Wednesday, August 03, 2011

Aialik Glacier Calving

To continue from my previous post, What Is At The Other Side of Harding Icefield, another glacier that flows out of Harding Icefield is Aialik Glacier.
Aialik Glacier, When It Was Peaceful
Aialik Glacier is the largest tidewater glacier of Kenai Fjords National Park. A tidewater glacier terminates at sea level and calves directly into the sea. 
Aialik Glacier Terminating Into the Gulf of Alaska
The source of Aialik Glacier is the vast Harding Icefield. The face of the Aialik Glacier is 300 to 400 feet high from sea level to top, but its source, the Harding Icefield, is 3500-4000 ft thick of ice. 
One of the natural dynamic changes that occurs in a tidewater glacier is ice calving. Ice calving is the sudden release of a mass of ice from a glacier or from an iceberg, or from other huge masses of ice. When we were close to the glacier but still at a very safe distance, we were asked to become quiet and listen to our surroundings. With silence, we saw and heard glacier calmness, and the chilly winds glued us onlookers in awe.
Hoodoo Like Structures of Aialik Glaciers
Then, we heard a cracking sound somewhere, soft at first, that we onlookers were looking where it came from. Then, the cracking sound started to rumble and roar, and we saw flakes of ice falling into the frigid waters of the sea. 
Aialik Glacier Calving
The falling ice roared like thunder, maybe many times louder. The sea jumps as the ice threw water into the air.
Splash of Ice Threw Water Into The Air (can you see the bird flying away?)
Then, the ice fall became softer, and gentler, looking more like a waterfall.
Icefall Thinning towards the end of Glacier Calving
Thin Ice Fall Looked Like A Waterfall
When all the calving was over, the meeting of the mountains, sea and ice looked calm again, as calm as we first saw it. Birds were flying into the glacier again, not flying away.
After the Glacier Calving, Everything Is Calm and Birds Flew In
A lot more ice spread out in the sea.
Ice That Fell from the Calving
As the sea calmed, we started seeing wildlife which seemed to be rejoicing either for a life spared,or for the ice that fell to answer their needs.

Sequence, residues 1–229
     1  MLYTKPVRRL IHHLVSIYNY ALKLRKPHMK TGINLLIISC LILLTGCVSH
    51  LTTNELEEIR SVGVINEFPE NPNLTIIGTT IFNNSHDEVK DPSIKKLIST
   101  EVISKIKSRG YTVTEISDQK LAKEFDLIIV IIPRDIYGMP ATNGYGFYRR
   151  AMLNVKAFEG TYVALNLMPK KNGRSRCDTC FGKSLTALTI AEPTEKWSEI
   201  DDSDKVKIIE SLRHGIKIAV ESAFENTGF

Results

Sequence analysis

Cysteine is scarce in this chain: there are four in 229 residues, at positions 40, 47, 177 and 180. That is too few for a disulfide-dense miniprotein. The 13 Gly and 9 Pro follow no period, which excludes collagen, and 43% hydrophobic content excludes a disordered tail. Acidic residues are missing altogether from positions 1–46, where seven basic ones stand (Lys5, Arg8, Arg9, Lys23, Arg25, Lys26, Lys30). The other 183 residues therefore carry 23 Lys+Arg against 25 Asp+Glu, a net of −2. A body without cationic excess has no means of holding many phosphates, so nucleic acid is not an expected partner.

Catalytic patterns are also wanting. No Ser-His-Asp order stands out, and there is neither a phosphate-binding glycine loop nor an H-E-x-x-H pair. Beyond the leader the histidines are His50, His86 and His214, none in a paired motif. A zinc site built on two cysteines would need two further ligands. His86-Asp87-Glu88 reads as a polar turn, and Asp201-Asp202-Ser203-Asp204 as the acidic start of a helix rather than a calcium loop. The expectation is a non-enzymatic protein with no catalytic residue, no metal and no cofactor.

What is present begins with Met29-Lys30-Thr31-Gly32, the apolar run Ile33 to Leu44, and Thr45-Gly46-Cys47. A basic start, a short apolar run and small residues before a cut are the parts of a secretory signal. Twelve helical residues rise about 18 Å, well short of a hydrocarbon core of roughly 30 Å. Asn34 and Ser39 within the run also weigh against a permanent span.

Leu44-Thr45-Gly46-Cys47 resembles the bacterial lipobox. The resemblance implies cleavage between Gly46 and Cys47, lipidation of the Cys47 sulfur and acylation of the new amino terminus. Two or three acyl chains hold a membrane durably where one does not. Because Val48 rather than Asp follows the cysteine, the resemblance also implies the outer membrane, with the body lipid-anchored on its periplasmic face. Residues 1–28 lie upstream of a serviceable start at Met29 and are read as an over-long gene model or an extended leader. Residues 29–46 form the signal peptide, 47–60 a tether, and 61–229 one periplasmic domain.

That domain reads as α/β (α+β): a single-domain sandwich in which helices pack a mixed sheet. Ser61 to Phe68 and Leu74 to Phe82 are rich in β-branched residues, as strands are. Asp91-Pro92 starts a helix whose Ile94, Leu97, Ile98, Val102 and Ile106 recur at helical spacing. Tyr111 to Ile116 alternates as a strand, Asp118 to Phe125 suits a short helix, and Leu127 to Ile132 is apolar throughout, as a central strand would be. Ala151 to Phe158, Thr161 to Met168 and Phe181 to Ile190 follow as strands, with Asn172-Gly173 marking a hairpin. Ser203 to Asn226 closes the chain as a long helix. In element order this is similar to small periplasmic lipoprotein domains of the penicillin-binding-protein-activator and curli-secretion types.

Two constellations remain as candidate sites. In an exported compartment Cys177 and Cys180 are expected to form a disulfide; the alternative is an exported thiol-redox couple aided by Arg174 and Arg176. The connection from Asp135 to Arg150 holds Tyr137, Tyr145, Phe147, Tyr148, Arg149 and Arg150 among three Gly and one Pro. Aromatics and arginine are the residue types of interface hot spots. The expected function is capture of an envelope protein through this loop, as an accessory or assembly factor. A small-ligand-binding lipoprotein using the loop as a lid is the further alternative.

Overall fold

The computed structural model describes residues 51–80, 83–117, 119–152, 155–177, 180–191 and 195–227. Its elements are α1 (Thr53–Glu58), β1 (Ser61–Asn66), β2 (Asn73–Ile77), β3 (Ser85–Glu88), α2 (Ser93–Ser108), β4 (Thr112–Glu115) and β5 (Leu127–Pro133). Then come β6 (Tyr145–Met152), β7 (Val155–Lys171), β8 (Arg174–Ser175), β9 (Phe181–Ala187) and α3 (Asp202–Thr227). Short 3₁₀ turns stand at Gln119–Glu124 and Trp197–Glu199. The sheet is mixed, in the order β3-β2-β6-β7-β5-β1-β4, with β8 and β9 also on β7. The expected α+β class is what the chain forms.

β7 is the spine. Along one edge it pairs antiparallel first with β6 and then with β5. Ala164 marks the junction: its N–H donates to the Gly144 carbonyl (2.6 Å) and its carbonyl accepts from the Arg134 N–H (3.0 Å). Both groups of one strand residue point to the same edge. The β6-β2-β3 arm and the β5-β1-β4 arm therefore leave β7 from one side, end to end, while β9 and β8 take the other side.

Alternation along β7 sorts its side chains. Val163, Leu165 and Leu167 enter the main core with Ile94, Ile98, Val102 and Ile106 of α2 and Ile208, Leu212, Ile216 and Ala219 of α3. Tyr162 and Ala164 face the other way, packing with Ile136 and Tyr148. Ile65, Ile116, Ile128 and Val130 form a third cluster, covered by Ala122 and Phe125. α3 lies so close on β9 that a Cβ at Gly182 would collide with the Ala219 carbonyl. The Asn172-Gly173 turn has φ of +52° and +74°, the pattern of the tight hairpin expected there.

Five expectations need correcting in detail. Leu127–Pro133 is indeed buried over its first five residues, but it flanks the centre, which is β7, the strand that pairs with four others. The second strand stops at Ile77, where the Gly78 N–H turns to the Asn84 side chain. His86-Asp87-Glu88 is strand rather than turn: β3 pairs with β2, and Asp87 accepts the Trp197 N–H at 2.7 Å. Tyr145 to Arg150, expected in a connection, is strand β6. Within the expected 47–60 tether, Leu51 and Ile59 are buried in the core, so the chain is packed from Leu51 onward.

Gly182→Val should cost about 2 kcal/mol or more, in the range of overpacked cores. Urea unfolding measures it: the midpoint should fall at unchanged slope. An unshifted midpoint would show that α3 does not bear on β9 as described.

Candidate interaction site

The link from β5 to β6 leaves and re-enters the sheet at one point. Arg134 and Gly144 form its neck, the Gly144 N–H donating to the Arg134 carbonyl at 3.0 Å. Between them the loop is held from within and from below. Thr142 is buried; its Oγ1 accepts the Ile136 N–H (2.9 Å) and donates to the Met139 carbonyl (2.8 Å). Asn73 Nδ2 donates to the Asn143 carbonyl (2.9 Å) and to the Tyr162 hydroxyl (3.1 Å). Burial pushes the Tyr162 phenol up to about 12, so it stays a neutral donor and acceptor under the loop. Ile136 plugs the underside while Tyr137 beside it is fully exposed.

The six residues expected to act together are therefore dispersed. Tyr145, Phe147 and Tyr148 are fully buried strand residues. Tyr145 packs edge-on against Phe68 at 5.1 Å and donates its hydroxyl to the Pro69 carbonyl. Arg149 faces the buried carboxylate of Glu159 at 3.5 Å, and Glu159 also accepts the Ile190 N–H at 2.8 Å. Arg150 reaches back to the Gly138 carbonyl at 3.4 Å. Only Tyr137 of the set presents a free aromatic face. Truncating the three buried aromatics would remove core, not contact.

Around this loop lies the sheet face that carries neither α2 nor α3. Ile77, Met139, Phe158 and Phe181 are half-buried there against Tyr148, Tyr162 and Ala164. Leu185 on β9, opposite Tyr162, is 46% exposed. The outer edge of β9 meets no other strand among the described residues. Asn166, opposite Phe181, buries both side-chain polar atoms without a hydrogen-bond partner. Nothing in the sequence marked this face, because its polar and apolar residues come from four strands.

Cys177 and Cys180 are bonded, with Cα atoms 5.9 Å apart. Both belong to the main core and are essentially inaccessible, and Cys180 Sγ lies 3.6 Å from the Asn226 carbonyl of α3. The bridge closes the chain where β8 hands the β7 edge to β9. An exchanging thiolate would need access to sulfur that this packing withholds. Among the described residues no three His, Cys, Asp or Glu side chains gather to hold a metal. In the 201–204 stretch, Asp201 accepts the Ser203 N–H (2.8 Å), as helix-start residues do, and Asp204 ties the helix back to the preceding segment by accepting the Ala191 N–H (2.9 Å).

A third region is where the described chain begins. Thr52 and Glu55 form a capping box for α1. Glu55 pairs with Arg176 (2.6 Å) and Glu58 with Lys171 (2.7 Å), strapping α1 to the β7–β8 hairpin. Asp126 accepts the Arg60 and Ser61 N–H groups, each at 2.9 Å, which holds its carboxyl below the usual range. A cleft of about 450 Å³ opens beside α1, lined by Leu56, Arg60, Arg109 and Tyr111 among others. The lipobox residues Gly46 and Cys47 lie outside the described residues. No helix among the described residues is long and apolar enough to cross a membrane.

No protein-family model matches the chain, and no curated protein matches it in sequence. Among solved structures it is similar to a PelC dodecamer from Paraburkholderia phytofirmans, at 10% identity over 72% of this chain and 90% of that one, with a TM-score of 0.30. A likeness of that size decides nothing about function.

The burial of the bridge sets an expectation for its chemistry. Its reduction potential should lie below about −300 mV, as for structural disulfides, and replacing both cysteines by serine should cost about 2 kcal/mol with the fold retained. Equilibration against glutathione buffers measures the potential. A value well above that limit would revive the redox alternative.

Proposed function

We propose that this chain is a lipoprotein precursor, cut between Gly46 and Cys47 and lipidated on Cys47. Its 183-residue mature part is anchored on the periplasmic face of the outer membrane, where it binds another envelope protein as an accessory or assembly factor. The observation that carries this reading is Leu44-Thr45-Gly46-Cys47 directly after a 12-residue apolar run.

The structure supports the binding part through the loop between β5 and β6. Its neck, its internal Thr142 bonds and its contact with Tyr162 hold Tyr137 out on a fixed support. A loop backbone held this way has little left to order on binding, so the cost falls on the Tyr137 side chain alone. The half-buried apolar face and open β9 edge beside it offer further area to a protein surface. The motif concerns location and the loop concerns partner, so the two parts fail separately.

Sea Otter thankful for having Escaped the Wrath of Ice Fall or Thankful for More Ice
Sea Otters and Harbor Seals often haul out on icebergs, which offer refuge from terrestrial predators such as bears. Also, orca whales don't usually hunt in ice-choked fjords. The reason why fjord estuary ecosystem is one of the richest assemblages of life on Earth. 
Seal Looking Perhaps for a Bigger Ice to Haul For Safety
Happy Sea Otters, 
perhaps they sing: "let there be more ice, don't make them too big we can't climb, but don't make them too small either we'll get caught"
As we left Aialik Glacier, the experience still continue to linger, and the memories of the dynamic changes in nature serves as one of the living lessons of why everything has a purpose. 
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  1. guys dared to watch glacier calving from such a close distance? Wouldn't it be dangerous?

  2. singing with the Sea Otters sis, "let there be more ice, don't make them too big we can't climb, but don't make them too small either we'll get caught"...lovely series of photos...i could almost hear the roaring sound you mentioned and yes i saw the bird flying when a splash of ice threw water into the air...everything indeed has a purpose..thank you for sharing your wondrous Aialik Glacier Calving yah!

  3. Fantastic pictures, I would like to be there.

  4. oh my goodness these are breathtaking ! As usual your pictures are so beautiful! Thanks for sharing!

  5. You left me breathless and amazed! The photos are extraordinary, fantastic, and majestic, Betchai!

    Enjoy your summer before it's back to the "drawing board"!

  6. That would have been amazing to se all of that ice falling. It must have been exciting.

  7. Aww..the girls loved their day with the seals when we last visited you, Beth. Btw, I know you don't put up awards, but i received one and it has been so difficult to chose which ten friends i will feature so i just relied on my top ten commentators which included you.. :) I decided to post for fun -teehee. Love yah, friend! :)

  8. It really is almost a spiritual experience to be part of that, isn't it, betchai? Your photographs are incredible. I am totally in awe!

  9. it must have been a dangerous experience. this is like watching National Geographic

  10. Gorgeous photos of the glacier. And I love the seals. Very cute. Awesome photos.

  11. This must be very "adventurous".

  12. I agree calving does sound like a thunder in the distance! It's such a wonderful surprise to see an animal on a piece of ice because of the vastness of the glaciers. Thank you for letting me know one of my pictures made you laugh in my last post. :)

  13. i like this post.thanks for sharing nice is amazing.

  14. That is so amazing. What a wonderful thing to experience.

  15. Beautiful! I wish I am there!! : )

  16. I have had so much fun looking through your site. I also visited your other site and it is just as good. It has been very warm here today and looking at the glaciers helped cool me off.
    The Joys of Simple Life is Nature Site of the Week at Nature Center Magazine.


  17. Very nice photography. I am glad that Emma told me to stop by.

  18. lovely share, I had fun going through many pics you have on your blog.

  19. Lena of Sacramento CaliforniaJuly 13, 2012 at 9:51 PM

    We were there on July 5th and the calving was enormous..... hundreds of thousands of tons of ice according to our captain on the Kenai Fjords tour we were on. He said it was the biggest calving that he's seen in ten years. We were very lucky to witness this.